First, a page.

There are two ways in which organisms are classified; artificial and natural classification systems.
Classification of organisms that do not consider evolutionary relationships between organisms is called artificial classification. Here, organisms are classified using two or a few notable features.
Such a classification cannot be used for a scientific study. Because in artificial classification, organisms that do not have evolutionary relations belong to the same group, and organisms that have evolutionary relations belong to different categories.
Until the 18th century, artificial classification systems were used to classify organisms. The development of natural taxonomic systems began in the 19th century, with the introduction of evolution by Charles Darwin.
In a natural classification system, the evolutionary relationships between organisms are considered.
The benefits of a natural classification are ease of identifying evolutionary relationships between organisms, ease of studying the diversity of organisms, ease to remember, improving the ability to predict organisms, ease of giving a scientific name, etc.
|384 B.C||Aristotle||Animals are classified into vertebrates and invertebrates.|
|350 B.C||Theophrastus||Plants are classified into herbs, shrubs, and trees.|
|40 AD - 90 AD||Dioscorides||Plants are classified according to their medicinal properties and agricultural benefits.|
|1200 – 1280||Albertus Magnus||Flowering plants are classified into Dicotyledonae and Monocotyledonous|
|1735||Carl Linnaeus||Binomial nomenclature was introduced.|
About 6000 species were given scientific names.
The taxonomic hierarchy was introduced.
Organisms were classified into two kingdoms as Plantae and Animalia.
|1869||Ernst Haeckel||Introduction of “Phylum” to the taxonomic hierarchy.|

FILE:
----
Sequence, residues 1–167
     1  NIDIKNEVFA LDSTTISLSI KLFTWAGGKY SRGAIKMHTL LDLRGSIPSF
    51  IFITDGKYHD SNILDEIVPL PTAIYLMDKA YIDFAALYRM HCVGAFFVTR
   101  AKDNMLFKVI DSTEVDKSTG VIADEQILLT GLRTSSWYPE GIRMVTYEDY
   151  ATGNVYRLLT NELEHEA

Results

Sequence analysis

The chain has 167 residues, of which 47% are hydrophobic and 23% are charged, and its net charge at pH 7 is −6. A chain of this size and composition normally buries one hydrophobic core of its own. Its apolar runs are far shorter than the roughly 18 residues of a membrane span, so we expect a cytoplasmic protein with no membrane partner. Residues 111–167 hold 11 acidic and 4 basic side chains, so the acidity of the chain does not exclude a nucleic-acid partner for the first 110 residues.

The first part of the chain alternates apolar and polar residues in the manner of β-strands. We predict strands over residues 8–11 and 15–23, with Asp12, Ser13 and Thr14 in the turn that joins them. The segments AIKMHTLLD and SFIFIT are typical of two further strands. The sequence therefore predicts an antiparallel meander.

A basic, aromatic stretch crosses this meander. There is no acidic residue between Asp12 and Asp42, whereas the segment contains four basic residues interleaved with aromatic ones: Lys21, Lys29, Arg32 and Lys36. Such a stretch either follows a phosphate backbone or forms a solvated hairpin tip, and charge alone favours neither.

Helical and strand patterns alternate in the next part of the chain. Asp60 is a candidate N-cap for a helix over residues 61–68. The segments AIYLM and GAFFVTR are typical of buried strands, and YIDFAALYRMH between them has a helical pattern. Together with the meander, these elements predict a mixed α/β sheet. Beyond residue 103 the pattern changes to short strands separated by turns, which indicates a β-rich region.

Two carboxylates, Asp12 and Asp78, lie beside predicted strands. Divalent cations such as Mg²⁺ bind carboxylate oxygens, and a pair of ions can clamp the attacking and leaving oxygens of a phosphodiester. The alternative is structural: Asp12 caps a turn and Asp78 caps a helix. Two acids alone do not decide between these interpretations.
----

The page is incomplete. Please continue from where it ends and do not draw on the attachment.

Introducing a new living kingdom called “Protista”
|1969||R.H. Whittaker||Five kingdoms were introduced into the taxonomic system. |
(Monera, Protista, Fungi, Animalia, Plantae)
|1982||Carl Woese||Molecular biological features were used to classify organisms. |
Three domain classification was introduced
Living organisms are divided into three domains based on molecular biological factors. Considering the common ancestral relationships of living things, the evolution of life can be represented as a branched tree. This is called the “Phylogenetic tree”.
The tree domain classification was introduced by Carl Woese in 1990. He used molecular biological features to classify organisms. The molecular biological factors that he used are the Base sequence of important genes, the amino acid sequence of proteins, the base sequence of rRNA, and the molecular structure of the cell membrane.
Three domains of life introduced by Carl Woese are Bacteria, Archaea and Eukarya. Domains are classified further into seven levels. Those are kingdom, phylum, class, order, family, genus, and species. Each level is called a taxon. When coming from the top to bottom of the taxonomic hierarchy, the number of species decreases, diversity between the species decreases, and the evolutionary relationship between species decreases.
Image by Gerd Altmann from Pixabay was used in the cover image
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